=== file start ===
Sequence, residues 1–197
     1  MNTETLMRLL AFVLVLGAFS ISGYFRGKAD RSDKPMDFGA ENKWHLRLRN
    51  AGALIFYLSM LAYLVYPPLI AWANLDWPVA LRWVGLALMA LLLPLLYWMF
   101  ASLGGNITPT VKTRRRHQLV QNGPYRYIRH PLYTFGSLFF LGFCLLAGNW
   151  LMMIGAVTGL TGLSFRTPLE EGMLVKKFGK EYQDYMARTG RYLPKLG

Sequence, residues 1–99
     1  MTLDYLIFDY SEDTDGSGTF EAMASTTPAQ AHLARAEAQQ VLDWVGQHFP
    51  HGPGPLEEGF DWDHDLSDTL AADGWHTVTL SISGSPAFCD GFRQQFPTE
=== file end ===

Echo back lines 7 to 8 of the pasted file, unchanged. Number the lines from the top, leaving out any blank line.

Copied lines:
     1  MTLDYLIFDY SEDTDGSGTF EAMASTTPAQ AHLARAEAQQ VLDWVGQHFP
    51  HGPGPLEEGF DWDHDLSDTL AADGWHTVTL SISGSPAFCD GFRQQFPTE